The Fresh Loaf

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I want a recipe for something and I don't even know what it is called

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JeremyCherfas's picture
JeremyCherfas

I want a recipe for something and I don't even know what it is called

Strange request, I know, but at a Roman restaurant a while ago we were served savoury bread rolled up like a Chelsea Bun (for the UK) or a Cinnamon bun or raisin Danish (for others). The filling was pieces of prosciutto and semi-dried tomatoes, and the crumb was soft and dense, and probably contained a fair bit of oilve oil. The whole thiing was absolutely delicious. So delicious that I completely forgot to even ask what they were called or how to make them.


I'm sure I could make these, given at least a hint of the type of dough that might have been used.It will be a while before I get the chance to go back to the restaurant and ask.


Any suggestions?


Thanks


Jeremy


 

inlovewbread's picture
inlovewbread

Sounds like a Rosetta roll. Daniel Leader has a formula for them in his book, "Local Breads" on page 226-229. His formula doesn't call for olive oil but I've had them before with olive oil added. Often times they roll things inside like prosciutto, etc. I've also had Pesto Cheese Rosetta Rolls.


See what you think. I hope you have the book, if not....I don't know if you can google the formula or if I'm allowed to post the formula? I don't know how the copyright works on that.. maybe the moderator could answer that question.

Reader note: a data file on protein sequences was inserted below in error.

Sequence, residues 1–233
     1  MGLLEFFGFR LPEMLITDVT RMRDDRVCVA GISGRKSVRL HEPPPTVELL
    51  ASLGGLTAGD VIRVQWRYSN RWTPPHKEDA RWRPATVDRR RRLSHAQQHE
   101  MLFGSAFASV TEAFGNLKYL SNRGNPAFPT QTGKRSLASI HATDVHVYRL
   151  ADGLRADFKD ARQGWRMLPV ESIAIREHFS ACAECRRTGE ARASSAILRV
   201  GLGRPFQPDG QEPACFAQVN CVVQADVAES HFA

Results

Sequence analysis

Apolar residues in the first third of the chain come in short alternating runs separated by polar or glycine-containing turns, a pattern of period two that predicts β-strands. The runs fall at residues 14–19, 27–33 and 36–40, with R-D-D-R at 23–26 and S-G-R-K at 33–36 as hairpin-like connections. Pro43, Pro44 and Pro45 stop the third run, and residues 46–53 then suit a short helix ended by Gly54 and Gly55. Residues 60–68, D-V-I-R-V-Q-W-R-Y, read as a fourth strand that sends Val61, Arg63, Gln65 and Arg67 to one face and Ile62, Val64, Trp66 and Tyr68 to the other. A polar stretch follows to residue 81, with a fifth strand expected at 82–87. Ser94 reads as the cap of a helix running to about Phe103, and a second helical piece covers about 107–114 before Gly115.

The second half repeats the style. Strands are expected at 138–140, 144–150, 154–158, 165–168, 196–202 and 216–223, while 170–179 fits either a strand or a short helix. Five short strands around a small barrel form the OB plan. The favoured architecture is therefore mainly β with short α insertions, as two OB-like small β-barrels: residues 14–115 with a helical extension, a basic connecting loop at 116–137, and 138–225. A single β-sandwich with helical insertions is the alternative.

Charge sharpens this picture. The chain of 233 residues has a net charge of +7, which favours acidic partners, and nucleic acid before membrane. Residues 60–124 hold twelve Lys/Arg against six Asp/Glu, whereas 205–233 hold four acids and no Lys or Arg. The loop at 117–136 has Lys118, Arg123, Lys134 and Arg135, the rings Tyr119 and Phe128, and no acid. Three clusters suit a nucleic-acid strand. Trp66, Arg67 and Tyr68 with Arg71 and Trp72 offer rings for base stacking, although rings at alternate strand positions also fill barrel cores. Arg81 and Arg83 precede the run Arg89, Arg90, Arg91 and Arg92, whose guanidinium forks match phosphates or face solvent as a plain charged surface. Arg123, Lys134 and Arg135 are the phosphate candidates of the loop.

Hope this helps!

mrfrost's picture
mrfrost

This recipe doesn't mention stuffing(of course, just about any dough can be stuffed), but otherwise seems to be what you're looking for:


http://tumyumtreats.blogspot.com/2008/03/rosettas-rolls.html

ScottHall's picture
ScottHall

Make Foccacia, 5% olive oil - no more than %75 total hydration - mix parmesan cheese and italian spice throughout the dough - right away - sheet it out to 4mm thick and 30 cm wide cover with shredded ham, sundried tomatoes, cheese, roll it up like cinn buns and slice 4-6cm thick buns, place 12 on half sheet pan and proof, bake at 450ish for 12-15 min. - brush with olive oil as soon as they're out, you could even sprinkle with parmesan right before you bake should be good  - ya

ScottHall's picture
ScottHall

Or you could just use croissant dough, sheet it out like cinn buns but thinner then proceed to spread-sprinkle-roll-proof-and-bake - that be good too.


 

JeremyCherfas's picture
JeremyCherfas

Thanks to Scott's encouragement, I just went ahead and did it, and was very pleased with the results. Blogged in full here. Lessons learned would be to use slightly thicker prosciutto next time, and maybe leave out the sun-dried tomatoes. Adding some rosemary leaves might be good too. Other than that, I was pretty pleased with the outcome. 

JeremyCherfas's picture
JeremyCherfas

What I'm looking for definitely is not a rosetta, that's for sure. At least, not a rosetta like the common ones in the shops here (in Rome), which are hard and essentially plain, rather dull bread. That recipe is something altogether different that shares a shape with the ones we buy here, but not much more.


I think Scott Hall is on the right track, it is a kind of focaccia dough, although 5% olive oil seems high to me on the face of it. The crumb was not full of holes; although it was light it was uniform. I'm almost inclined to think that the dough had some milk in it, but I know that is unlikely. Anyway, I'll try a version with a focaccia dough next weekend, and of course I'll report back.


Thanks all.


Jeremy